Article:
When we look at real estate, we can value it as an asset because it generates cash flows as a rental income. However, valuing real estate is challenging because people price it on location, per sq. ft and the builder’s reputation.

Cryptocurrencies – An Investment Or Trading Asset

As discussed earlier, we can value and price assets, commodities, currencies and collectables. As an investor, I value the investment and then compare it with the price I pay to acquire it. I decide to buy if the price is less than the value and sell if the price is more than the value. On the contrary, trading is simple, where you look at the price and judge whether the price will go up or down in the future. We have investors and traders in the stock markets.

In the table below, I have differentiated Trading and Investing. This difference is because the skill sets needed to become a trader and an investor differ.

Valuing Cryptocurrencies

Defining Cryptocurrency

From the above sections, we need to decide if cryptocurrency is an asset, commodity, currency or collectable. Cryptocurrency is not an asset because it does not generate cash flows. Further, it is not a raw material for a final product. Some might refute my argument by saying that ethereum is a vital component of smart contracts. If we take that argument, then cryptocurrency is a commodity. However, cryptocurrencies’ absolute positioning is that they are an alternate currency for fiat currencies. When I view cryptocurrency as an alternate currency, there are two issues. First, not many people use it as a medium of exchange. Second, it is highly volatile. If things change in the future when more people accept cryptocurrencies as a medium of exchange and if they become stable, they can become a potential alternative to fiat currencies. This assumption is unrealistic, especially when many countries have banned cryptocurrencies as legal tender. Banks globally have to introduce regulations to monitor cryptocurrencies to make them easier to use.

Can we use Cryptocurrencies as an alternative to Gold?

People invest in Gold because they lose trust in the government and currencies during higher inflation. Further, as the supply of Gold is limited, it will always retain its value. Similarly, bitcoins are limited in number as we can mine 21 million bitcoins. Therefore, if more people are interested in buying bitcoin as a storehouse of value, then bitcoin can become an alternative to Gold. However, in the COVID-19 crisis and the recent market meltdown, the price of bitcoin has plummeted during the stock market crashes and has increased during the boom. Thus, cryptocurrencies are not a hedging bet like Gold.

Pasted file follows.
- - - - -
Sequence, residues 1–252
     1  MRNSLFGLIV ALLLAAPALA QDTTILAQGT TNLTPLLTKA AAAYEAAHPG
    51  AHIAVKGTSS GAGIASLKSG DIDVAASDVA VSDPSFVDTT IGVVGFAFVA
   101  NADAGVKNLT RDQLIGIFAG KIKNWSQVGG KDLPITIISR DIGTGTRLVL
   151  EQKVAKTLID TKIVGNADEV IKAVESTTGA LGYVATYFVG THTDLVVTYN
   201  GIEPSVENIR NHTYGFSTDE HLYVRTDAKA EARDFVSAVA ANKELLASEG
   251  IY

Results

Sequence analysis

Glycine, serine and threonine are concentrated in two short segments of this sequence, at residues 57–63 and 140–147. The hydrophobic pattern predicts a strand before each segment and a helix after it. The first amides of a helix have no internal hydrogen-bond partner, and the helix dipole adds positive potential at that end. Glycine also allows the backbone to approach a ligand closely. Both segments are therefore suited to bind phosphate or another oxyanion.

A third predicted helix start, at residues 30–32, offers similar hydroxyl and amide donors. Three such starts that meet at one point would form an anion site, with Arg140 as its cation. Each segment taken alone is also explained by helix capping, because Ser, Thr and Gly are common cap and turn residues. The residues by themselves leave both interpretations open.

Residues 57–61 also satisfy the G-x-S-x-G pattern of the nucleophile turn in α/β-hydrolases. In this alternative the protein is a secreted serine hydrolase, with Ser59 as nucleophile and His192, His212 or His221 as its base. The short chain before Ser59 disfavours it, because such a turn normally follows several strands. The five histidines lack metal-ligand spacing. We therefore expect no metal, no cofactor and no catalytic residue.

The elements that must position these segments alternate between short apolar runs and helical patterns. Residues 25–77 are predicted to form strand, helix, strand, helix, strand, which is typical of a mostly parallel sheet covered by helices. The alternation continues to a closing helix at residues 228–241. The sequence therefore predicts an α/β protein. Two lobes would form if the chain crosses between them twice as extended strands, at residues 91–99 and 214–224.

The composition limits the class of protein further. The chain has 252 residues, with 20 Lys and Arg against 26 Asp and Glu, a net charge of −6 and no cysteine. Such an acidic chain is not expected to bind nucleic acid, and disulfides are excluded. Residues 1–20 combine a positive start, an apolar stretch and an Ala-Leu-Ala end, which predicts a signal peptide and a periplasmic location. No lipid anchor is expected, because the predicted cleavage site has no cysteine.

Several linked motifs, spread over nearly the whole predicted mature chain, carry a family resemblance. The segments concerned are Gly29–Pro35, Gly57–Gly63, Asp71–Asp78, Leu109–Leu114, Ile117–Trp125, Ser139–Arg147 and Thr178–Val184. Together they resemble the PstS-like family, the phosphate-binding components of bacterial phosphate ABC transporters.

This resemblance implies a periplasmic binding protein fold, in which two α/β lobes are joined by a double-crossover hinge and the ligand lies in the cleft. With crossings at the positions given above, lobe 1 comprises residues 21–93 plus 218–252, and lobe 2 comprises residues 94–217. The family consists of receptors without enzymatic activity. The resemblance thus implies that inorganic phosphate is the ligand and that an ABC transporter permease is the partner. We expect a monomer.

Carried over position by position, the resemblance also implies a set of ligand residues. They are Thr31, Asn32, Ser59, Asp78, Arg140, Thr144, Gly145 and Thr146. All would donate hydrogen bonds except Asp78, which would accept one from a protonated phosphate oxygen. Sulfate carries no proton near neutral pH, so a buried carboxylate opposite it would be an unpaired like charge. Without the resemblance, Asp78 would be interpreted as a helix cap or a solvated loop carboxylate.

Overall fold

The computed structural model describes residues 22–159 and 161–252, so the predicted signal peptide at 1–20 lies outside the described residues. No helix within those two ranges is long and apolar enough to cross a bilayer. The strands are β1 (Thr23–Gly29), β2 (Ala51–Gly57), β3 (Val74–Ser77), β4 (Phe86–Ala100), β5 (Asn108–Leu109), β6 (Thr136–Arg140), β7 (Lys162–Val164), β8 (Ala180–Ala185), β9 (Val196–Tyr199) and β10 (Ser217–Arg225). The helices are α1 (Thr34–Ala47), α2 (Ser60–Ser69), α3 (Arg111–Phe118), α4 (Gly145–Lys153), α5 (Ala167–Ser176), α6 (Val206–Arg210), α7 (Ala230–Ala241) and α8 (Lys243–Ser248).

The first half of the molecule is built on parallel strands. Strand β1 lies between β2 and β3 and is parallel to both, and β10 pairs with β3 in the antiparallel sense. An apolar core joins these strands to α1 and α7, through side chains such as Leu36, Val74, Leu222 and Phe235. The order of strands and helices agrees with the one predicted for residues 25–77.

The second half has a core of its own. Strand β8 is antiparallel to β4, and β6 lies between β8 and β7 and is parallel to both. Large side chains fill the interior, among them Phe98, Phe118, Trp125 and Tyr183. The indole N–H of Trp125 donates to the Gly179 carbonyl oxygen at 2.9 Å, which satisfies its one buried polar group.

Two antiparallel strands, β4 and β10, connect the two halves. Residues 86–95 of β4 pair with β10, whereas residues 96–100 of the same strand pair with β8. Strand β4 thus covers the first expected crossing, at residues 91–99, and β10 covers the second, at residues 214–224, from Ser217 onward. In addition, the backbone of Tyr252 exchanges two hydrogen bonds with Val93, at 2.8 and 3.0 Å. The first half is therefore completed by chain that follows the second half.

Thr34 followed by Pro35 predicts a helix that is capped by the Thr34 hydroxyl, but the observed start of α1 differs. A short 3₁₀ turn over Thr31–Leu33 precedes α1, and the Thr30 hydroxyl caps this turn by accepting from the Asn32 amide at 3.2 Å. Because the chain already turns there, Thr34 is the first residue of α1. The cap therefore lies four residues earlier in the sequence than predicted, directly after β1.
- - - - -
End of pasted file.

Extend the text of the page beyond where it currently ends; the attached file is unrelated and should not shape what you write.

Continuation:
Thus, i conclude cryptocurrencies as a speculative trading asset that attracts money from speculators who want to make quick profits. It is the 21st-century Tulip Bulb – a speculative asset whose prices soared in the Netherlands during the 16th century before collapsing.

Final Thoughts

I conclude this article with the following closing arguments:

  • First, cryptocurrencies are not assets; In the Modern portfolio theory, we invest in multiple assets for diversification. However, cryptocurrencies have a positive correlation with equities. At best, it is a speculative asset that traders use for making quick returns.
  • As Cryptocurrencies are not assets, you cannot value them. Therefore, anyone who values a bitcoin is fooling you because it does not generate cash flows.
  • Cryptocurrency can become an alternative currency when it is accepted as a medium of exchange and becomes stable. However, the probability of that happening is low.
  • As an investor who believes in value, cryptocurrency is not a suitable investment because its price fluctuations have nothing to do with the fundamentals but with the mood and momentum.

Thus, anyone with cryptocurrencies as an investment may profit millions and lose millions if the momentum changes.